Adding unknown amount of objects to Array via function

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So, first off. I’m a C# programmer, so my PHP code is probably strongly influenced by how you would write in C#. Anyway, I’m trying to solve a problem where I’ve got a two-dimensional grid with two axis, x and y. The user gives input, and the program will tell you your new location.

For example, if user input was ‘ >^ ‘ the location would be 1,1.
What I also want the program to do, is to tell you the first location that you revisit. So, if you go from 0,0 -> 0,1 -> 0,0 -> 1,0 -> 1,1. Then the first location you revisited was 0,0. My problem is that I’m trying to send my int to a function and then adding it to an array, and searching the array if the array contains the object. But it seems like the array is only adding one value (?)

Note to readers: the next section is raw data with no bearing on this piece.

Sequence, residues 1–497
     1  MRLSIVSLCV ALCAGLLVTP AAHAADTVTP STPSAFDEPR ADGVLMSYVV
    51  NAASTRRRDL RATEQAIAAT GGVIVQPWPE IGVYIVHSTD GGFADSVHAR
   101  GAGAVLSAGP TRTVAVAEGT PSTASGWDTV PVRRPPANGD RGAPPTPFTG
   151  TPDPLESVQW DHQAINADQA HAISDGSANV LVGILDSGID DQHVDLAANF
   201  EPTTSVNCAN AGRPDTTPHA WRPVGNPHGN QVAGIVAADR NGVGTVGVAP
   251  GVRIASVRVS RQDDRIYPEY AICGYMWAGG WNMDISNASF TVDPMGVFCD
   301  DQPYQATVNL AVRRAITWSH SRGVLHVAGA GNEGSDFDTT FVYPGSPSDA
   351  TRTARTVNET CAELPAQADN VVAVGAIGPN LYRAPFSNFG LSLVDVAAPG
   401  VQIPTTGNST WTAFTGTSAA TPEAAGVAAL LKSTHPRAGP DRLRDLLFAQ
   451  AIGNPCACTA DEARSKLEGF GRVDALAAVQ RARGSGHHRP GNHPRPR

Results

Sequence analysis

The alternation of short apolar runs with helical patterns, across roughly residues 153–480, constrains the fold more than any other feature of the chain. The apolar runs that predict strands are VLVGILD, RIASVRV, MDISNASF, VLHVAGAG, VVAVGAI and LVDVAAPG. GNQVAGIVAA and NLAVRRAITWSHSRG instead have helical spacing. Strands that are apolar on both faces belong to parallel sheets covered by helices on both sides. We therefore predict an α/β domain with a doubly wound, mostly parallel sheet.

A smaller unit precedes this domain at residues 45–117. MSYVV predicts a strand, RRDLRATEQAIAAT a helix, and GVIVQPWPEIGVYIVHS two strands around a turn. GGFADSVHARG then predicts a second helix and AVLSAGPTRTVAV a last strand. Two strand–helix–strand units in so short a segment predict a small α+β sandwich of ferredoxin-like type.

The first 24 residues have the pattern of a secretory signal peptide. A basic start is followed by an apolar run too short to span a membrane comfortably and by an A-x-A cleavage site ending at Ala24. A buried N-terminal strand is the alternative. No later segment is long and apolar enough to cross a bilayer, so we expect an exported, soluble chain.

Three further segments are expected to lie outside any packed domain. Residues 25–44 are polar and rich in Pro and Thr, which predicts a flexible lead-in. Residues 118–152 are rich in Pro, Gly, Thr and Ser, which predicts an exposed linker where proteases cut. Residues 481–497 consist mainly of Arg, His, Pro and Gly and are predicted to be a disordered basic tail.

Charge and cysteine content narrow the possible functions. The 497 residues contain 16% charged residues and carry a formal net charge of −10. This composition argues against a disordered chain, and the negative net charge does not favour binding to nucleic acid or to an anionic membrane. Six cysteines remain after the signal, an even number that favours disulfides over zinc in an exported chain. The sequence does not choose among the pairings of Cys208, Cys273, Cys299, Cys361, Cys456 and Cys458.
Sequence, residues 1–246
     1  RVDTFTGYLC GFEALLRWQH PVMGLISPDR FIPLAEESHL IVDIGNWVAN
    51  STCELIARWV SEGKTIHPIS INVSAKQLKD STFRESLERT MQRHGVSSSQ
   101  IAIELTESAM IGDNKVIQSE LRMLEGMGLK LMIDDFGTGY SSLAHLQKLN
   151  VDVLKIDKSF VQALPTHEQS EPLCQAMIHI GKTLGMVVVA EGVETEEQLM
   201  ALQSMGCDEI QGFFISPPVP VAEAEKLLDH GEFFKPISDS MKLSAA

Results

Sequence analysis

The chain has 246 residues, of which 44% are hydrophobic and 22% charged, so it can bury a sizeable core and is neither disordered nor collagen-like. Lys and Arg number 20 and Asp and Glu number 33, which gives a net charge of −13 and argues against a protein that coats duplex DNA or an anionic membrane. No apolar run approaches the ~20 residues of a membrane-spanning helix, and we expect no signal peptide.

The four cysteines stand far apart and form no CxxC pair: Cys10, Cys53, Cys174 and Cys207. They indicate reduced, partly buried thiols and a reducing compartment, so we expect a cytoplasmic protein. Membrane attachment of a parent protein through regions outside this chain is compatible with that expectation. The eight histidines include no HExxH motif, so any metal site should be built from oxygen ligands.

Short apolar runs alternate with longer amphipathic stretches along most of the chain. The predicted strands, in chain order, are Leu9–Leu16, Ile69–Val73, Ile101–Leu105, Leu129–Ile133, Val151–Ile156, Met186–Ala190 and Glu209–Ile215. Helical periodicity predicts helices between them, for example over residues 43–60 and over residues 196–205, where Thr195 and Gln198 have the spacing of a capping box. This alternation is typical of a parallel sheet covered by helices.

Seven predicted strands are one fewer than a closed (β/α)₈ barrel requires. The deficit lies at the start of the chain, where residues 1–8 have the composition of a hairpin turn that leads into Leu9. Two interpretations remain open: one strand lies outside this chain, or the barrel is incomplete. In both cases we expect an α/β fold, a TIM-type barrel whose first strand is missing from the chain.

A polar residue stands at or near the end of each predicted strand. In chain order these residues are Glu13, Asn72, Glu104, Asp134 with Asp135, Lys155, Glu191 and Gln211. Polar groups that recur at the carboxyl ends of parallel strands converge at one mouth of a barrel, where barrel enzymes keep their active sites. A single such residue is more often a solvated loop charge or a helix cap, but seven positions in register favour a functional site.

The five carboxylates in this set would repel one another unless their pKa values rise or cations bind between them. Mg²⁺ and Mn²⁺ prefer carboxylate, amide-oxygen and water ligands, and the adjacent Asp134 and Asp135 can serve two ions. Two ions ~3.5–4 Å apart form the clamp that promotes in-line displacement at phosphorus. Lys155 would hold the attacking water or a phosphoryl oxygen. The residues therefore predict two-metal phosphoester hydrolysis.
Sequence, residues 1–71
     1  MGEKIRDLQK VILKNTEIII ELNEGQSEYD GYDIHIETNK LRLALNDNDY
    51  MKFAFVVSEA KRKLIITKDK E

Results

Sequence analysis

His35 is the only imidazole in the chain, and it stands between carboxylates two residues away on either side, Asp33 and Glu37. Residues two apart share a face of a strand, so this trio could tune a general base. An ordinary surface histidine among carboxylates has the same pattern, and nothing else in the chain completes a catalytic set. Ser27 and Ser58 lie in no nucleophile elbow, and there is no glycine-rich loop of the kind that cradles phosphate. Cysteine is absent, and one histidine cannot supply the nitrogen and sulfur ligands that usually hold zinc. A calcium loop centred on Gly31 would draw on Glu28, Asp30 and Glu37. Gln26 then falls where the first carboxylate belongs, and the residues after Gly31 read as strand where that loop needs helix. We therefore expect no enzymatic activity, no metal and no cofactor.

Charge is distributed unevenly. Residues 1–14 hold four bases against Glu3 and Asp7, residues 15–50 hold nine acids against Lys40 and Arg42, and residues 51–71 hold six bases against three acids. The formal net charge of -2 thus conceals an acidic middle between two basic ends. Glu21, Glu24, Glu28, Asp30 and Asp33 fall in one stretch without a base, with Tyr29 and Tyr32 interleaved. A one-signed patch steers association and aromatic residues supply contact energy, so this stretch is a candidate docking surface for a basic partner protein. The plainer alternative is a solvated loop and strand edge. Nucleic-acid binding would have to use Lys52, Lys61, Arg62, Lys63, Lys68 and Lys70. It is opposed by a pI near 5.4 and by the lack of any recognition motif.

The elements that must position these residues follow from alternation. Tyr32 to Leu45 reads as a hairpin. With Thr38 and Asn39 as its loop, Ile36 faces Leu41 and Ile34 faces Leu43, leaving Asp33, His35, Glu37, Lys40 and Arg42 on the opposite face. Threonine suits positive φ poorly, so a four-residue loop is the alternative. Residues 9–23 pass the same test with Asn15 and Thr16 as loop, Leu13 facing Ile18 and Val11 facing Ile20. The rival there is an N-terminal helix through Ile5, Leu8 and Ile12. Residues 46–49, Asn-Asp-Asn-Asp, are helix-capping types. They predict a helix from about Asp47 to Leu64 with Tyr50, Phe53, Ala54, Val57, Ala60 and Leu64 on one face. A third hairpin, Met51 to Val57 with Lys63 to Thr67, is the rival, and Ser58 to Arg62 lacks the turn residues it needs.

declare(strict_types=1);
<?php

$NewInput = ">>^^<>>";
$arr = str_split($NewInput, 1);
$x = 0;
$y = 0;
Directions($x, $y, $arr);
function Directions (int $x, int $y, $arr)
{
    foreach ($arr as $item)
    {
        if ($item == '^')
        {
            $y += 1;
        }
        elseif ($item == 'v')
        {
            $y -= 1;
        }
        elseif ($item == '>')
        {
            $x += 1;
        }
        elseif ($item == '<')
        {
            $x -= 1;
        }
        Previous($x,$y);
    }
}
function Previous (string $x, string $y)
{
    $Location = $x . '.' . $y;
    echo "<br>";
    $NewArray = array();
    $NewArray[] = $Location;
    $ReVisited = "";
    if ($ReVisited == "")
    {
       if (array_search($Location, $NewArray))
        {
            $ReVisited = $Location;
            echo $ReVisited;
        }
    }
    echo $Location;
}
?>

What am I doing wrong? And also if you see something overall with the code that could be improved please let me know. Grateful for any tips or answers!

Answer

As with the other answer: The key reason your code isn’t working is because you are re-initialising $newArray every time you call the function Previous() and hence the array is null.